How much can Canada afford to give?

Big-name charities like Oxfam, Unicef, and World Vision are calling on Canada to step up their foreign aid game. 

What happened: Ahead of this year's budget, 75 NGOs signed an open letter to Canada's finance minister that asked the government to increase international aid contributions from the $8.2 billion pledged in the last budget to $10 billion by 2025.

  • New foreign aid spending last year largely went to programs fighting Covid and supporting Ukraine. The budget also listed combating climate change, strengthening democracy, and improving women's and children's lives globally as focus areas.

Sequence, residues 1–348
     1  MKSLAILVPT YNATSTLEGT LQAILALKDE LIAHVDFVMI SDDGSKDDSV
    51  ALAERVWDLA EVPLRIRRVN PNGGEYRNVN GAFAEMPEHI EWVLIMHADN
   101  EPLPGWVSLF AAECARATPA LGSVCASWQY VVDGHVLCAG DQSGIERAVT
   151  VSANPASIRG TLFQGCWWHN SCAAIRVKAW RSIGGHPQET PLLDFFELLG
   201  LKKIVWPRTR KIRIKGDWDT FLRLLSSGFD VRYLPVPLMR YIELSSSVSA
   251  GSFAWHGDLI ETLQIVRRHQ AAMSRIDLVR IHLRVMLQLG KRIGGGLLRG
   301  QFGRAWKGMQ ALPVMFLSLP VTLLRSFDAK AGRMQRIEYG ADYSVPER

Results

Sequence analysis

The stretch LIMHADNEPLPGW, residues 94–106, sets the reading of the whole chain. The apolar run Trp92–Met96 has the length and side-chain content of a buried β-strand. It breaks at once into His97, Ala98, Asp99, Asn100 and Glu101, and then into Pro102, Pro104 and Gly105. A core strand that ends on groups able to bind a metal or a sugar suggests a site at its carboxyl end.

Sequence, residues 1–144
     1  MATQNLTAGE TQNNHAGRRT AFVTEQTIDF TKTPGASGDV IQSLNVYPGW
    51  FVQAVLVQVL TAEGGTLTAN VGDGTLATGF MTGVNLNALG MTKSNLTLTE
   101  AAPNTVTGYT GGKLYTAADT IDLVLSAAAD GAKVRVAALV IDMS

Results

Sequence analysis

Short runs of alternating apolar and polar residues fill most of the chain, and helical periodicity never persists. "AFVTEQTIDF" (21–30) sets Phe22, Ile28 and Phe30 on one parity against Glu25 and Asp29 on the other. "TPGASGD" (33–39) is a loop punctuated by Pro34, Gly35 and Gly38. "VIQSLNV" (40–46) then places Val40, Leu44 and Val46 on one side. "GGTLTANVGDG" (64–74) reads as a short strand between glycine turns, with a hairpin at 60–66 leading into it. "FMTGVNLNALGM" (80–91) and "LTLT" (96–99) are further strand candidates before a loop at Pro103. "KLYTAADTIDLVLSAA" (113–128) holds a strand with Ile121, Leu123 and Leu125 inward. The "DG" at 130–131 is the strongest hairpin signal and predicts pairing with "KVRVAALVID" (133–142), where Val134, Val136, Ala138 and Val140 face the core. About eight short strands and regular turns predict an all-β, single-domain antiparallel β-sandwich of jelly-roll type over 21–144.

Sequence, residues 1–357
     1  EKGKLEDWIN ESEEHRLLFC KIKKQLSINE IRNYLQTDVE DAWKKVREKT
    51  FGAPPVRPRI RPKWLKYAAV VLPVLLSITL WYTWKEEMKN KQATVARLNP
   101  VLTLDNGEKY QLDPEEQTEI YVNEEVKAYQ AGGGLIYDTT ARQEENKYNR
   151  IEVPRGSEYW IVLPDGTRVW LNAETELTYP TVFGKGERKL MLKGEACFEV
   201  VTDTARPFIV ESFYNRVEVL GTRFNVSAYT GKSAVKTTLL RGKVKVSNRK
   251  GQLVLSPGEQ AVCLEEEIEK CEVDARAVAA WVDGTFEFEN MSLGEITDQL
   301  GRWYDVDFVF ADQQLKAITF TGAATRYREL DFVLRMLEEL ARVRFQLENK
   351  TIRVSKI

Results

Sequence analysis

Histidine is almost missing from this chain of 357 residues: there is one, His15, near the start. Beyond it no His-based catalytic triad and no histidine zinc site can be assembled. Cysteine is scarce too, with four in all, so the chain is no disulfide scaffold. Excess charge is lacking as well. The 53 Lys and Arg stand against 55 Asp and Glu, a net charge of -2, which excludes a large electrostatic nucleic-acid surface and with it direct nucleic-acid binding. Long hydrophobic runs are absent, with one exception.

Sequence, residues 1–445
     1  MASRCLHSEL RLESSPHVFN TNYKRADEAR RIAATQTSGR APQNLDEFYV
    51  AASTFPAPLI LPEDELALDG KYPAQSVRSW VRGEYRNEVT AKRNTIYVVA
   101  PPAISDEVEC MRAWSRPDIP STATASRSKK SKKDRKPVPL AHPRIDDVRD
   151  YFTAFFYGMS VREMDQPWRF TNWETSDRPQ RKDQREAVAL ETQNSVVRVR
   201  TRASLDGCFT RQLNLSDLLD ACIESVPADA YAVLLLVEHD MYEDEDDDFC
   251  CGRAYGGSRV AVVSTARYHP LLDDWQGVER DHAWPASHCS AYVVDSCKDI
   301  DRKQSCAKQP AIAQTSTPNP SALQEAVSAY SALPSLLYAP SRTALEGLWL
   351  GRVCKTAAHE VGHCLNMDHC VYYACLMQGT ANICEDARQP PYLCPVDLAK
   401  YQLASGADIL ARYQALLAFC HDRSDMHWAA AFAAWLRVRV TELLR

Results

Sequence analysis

There’s been no indication of how much foreign aid spending could increase this year, but the feds have hinted it would focus less on humanitarian aid and more on infrastructure investments.

Why it matters: The feds may have promised to increase international development assistance, but Canada remains a middling donor. In 2021, 0.32% of Canada’s gross national income was spent on international aid, well off the 0.7% target outlined by the UN.

  • At the same time, pressure is also on the feds to pull back spending in certain areas as things like war, inflation, and increased interest rates continue to foul things up.

Bottom line: From a devastating earthquake in Turkey and Syria, to climate disasters in the Global South, to recalcitrant authoritarianism in Afghanistan (to name just a few causes), it seems there is more need for help than ever, but also more pressure than ever to cut back.